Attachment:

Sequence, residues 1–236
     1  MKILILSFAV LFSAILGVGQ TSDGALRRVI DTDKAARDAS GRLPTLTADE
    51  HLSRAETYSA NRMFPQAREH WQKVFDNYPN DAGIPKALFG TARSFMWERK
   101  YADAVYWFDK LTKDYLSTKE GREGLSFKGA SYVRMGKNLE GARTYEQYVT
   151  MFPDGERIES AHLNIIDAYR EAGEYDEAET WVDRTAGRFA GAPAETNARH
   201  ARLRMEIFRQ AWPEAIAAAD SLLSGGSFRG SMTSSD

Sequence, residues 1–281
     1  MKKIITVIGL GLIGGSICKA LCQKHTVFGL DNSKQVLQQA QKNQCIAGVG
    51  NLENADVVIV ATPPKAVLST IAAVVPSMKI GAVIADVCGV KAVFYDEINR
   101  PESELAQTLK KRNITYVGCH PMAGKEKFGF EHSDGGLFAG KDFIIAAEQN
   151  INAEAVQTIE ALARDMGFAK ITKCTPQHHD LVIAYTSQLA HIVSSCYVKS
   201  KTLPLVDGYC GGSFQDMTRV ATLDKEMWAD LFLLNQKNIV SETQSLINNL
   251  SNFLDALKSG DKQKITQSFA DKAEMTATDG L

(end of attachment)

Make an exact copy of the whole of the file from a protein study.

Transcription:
Sequence, residues 1–236
     1  MKILILSFAV LFSAILGVGQ TSDGALRRVI DTDKAARDAS GRLPTLTADE
    51  HLSRAETYSA NRMFPQAREH WQKVFDNYPN DAGIPKALFG TARSFMWERK
   101  YADAVYWFDK LTKDYLSTKE GREGLSFKGA SYVRMGKNLE GARTYEQYVT
   151  MFPDGERIES AHLNIIDAYR EAGEYDEAET WVDRTAGRFA GAPAETNARH
   201  ARLRMEIFRQ AWPEAIAAAD SLLSGGSFRG SMTSSD

Sequence, residues 1–281
     1  MKKIITVIGL GLIGGSICKA LCQKHTVFGL DNSKQVLQQA QKNQCIAGVG
    51  NLENADVVIV ATPPKAVLST IAAVVPSMKI GAVIADVCGV KAVFYDEINR
   101  PESELAQTLK KRNITYVGCH PMAGKEKFGF EHSDGGLFAG KDFIIAAEQN
   151  INAEAVQTIE ALARDMGFAK ITKCTPQHHD LVIAYTSQLA HIVSSCYVKS
   201  KTLPLVDGYC GGSFQDMTRV ATLDKEMWAD LFLLNQKNIV SETQSLINNL
   251  SNFLDALKSG DKQKITQSFA DKAEMTATDG L